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1
AC

Please get that danged yellow box out of the way of posting.

KSL
134544
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KSL 12/06/13 - 02:13 am
6
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specsta

The issue of homeless people has nothing to do with a person stealing by plugging in his nice new electric car while he is playing tennis.

KSL
134544
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KSL 12/06/13 - 02:18 am
4
3
Specsta

Please provide your sources for the number of starving who die. I would like a breakdowm. Are your sources counting drunks and addicts who rather partake of their addictions. Proof, please.

corgimom
34079
Points
corgimom 12/06/13 - 07:05 am
5
2
He's a cheap you-know-what

He's a cheap you-know-what that likes to steal electricity. Why didn't he charge his car at his house?

ColdBeerBoiledPeanuts
9168
Points
ColdBeerBoiledPeanuts 12/06/13 - 07:44 am
7
2
Picked Apart

So far everyone's picked pieces of this article to comment on. Let's look at the entire pie.
1 He had already been told not to use the courts due to problems with him previously.
2 It was Saturday morning, why didn't he charge up overnight at his home? Lack of planning on his part.
3 Theft is theft and the school has an annual budget they have to live within, yes it taxpayer dollars, but, what about the guy who only needs 20 gallons of the school systems gas? Does that make it any better?

Sean Moores
717
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Sean Moores 12/06/13 - 09:41 am
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0
@KSL 1:03

I'm working on it. Sorry. The settings must be off.

robert2410
1628
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robert2410 12/06/13 - 10:28 am
4
0
I believe the person who said
Unpublished

I believe the person who said this may be the police setting a point of order is correct. It is most likely a warning to others to not assume you can just plug in anywhere. As more cars go electric, if the trend continues, this will probably become an issue more often.

David Parker
7923
Points
David Parker 12/06/13 - 10:46 am
1
1
When a kid lifts a piece of

When a kid lifts a piece of bubble gum in the store while mom shops, if they don't get caught, they grow up and steal .05 cents of electricity from the public. That's what I get from this.

lgr
236
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lgr 12/06/13 - 10:48 am
2
0
wow

get the danged advertisement off the screen. no matter how many times you close it it comes back

oldredneckman96
5115
Points
oldredneckman96 12/06/13 - 10:54 am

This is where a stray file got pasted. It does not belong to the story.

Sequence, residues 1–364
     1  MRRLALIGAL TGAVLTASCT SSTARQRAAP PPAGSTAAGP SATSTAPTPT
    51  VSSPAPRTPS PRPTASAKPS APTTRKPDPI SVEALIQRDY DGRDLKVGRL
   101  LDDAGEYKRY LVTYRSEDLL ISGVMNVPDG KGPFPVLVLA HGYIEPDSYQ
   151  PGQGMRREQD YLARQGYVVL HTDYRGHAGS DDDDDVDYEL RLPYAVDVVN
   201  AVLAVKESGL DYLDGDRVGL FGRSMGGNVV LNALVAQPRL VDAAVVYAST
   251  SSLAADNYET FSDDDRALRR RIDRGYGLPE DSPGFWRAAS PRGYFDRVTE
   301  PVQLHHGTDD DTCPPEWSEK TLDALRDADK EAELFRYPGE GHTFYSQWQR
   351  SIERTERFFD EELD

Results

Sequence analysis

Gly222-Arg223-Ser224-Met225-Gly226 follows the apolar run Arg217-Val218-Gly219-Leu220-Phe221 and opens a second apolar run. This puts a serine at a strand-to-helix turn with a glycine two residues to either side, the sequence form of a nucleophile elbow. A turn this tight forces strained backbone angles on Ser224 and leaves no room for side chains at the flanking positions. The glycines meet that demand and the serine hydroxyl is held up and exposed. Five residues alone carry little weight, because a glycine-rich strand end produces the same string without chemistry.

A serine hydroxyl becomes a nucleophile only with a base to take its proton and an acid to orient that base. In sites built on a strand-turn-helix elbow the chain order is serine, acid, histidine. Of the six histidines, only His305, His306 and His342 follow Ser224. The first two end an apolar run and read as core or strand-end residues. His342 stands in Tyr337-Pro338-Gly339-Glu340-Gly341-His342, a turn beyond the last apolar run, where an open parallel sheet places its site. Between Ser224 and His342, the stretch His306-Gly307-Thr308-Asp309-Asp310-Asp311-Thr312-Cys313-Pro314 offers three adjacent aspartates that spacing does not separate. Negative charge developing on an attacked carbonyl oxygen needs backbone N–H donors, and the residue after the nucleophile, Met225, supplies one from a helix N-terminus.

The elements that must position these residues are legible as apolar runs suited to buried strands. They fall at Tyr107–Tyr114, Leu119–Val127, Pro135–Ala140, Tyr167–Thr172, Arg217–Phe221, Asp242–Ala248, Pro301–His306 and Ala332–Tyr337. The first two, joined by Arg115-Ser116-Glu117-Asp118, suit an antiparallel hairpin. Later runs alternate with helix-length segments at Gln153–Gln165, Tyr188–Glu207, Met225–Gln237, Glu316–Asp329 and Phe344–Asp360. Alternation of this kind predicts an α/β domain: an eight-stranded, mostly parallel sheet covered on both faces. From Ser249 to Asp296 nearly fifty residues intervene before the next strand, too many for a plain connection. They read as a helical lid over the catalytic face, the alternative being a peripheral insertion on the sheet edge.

3
1
When it is stealing
Unpublished

Some folks posting here do not understand when you are stealing and when you are invited to partake. When you are invited in to a fast food restaurant, an airport, or a mall you are entitled to use the facilities, that includes the restrooms, water fountains and outlets. When you break-in or trespass you have committed a crime, stealing only adds to the charges. As to the cost to prosecute this crime, that is just not a metric we should ever consider. You can not put a price on freedom, freedom from crime. The bum that was trespassing and stealing at the school got less than he deserved. Paying taxes does not give you uncontrolled access to public property.

itsanotherday1
45437
Points
itsanotherday1 12/06/13 - 12:02 pm
3
3
I agree with Thauch. It is

I agree with Thauch. It is like the military shooting a million dollar missile to take out a man on a camel. It sends a message, but at what cost?
Since he had been warned already, a citation for trespass would have sufficed.

ColdBeerBoiledPeanuts
9168
Points
ColdBeerBoiledPeanuts 12/06/13 - 12:31 pm
3
1
Electricity in public places.

Unless there is a sign inviting you to connect you can be prosecuted for theft. Almost all places of business that allow that have signs posted. Don't just assume that you can, I would still ask. We all know what assuming does!!

mrenee2003
2946
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mrenee2003 12/06/13 - 12:48 pm
3
3
As already stated

by fishman, what's the difference b/t plugging in a car or a phone? I see parents plugging in their phones/laptops/tablets all of the time on public school property (and they are not using it for school business). It was my u/s that school property is public property and can be used by anyone when school is not in session, so it's not trespassing no matter what school authorities want.

Humble Angela
41338
Points
Humble Angela 12/06/13 - 03:48 pm
3
2
Hopefully the medicaid
Unpublished

Hopefully the medicaid patients who crowd the ER will take not of this story as they plug their tax payer funded smart phones in while socializing in the triage area.